The Changing Social Worlds of 13-year-olds

May 28, 2024
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This study draws on data on Growing Up in Ireland (GUI) Cohorts '98 and '08 to document changes in the lives of adolescents over the period 2011/12 to 2021/22, building on an earlier study (Smyth, 2022) which compared their experiences at nine years of age. This decade was a period of considerable social and policy change, including reform of the junior cycle, growing digitalisation and the disruption of the pandemic to all aspects of young people's lives. Changes were also evident in the profile of young people and their families, with increasing cultural diversity, higher education levels among parents, lower levels of financial strain and increasing numbers with a disability among members of Cohort '08 than among their older cohort counterparts.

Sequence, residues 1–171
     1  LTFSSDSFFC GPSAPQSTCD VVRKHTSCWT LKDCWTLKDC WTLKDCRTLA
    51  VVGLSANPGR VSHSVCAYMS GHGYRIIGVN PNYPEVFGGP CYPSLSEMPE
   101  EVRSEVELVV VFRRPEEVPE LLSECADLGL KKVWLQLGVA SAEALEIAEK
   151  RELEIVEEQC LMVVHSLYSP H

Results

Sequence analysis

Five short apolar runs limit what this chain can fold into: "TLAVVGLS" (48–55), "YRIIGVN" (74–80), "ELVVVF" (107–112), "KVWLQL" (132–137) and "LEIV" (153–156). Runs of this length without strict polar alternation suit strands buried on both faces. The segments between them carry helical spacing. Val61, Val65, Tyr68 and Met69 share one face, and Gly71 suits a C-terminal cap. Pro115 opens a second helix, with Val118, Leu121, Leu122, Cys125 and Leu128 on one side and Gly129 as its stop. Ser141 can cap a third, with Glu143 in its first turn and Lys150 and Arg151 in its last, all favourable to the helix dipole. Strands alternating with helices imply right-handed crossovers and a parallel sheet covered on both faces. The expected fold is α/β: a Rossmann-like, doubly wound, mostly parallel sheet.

The study looks at changes in 13-year-olds' relationships with their parents and peers, in their day-to-day activities and in their experiences of school. The main research questions addressed by the study are:

  1. How have the quality of relationships, experience of learning and activities engaged in by adolescents changed over the course of a decade?
  2. To what extent do any such changes reflect differences in the family characteristics of the young people?
  3. Are any such changes more evident for boys or girls or for young people from different social backgrounds? Is differentiation by gender and social background in adolescents' social worlds less evident for the younger cohort than previously?